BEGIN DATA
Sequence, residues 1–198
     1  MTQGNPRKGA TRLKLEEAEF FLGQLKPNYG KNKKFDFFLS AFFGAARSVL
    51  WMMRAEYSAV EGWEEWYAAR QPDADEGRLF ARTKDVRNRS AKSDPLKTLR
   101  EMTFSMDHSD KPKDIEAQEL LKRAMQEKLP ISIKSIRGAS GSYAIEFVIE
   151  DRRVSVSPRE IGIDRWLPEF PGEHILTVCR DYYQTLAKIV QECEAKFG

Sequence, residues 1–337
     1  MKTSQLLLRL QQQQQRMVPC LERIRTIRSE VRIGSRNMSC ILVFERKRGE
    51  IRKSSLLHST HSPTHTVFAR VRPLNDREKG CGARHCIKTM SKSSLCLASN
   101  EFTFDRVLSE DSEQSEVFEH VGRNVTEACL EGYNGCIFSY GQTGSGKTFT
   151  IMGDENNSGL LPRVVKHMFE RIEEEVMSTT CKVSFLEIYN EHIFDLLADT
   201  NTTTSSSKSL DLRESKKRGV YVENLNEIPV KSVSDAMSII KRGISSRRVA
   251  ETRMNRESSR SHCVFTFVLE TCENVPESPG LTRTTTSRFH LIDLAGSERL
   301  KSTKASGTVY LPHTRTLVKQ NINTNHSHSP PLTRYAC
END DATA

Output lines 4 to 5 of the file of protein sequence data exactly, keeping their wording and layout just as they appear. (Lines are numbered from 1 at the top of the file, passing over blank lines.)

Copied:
   101  EMTFSMDHSD KPKDIEAQEL LKRAMQEKLP ISIKSIRGAS GSYAIEFVIE
   151  DRRVSVSPRE IGIDRWLPEF PGEHILTVCR DYYQTLAKIV QECEAKFG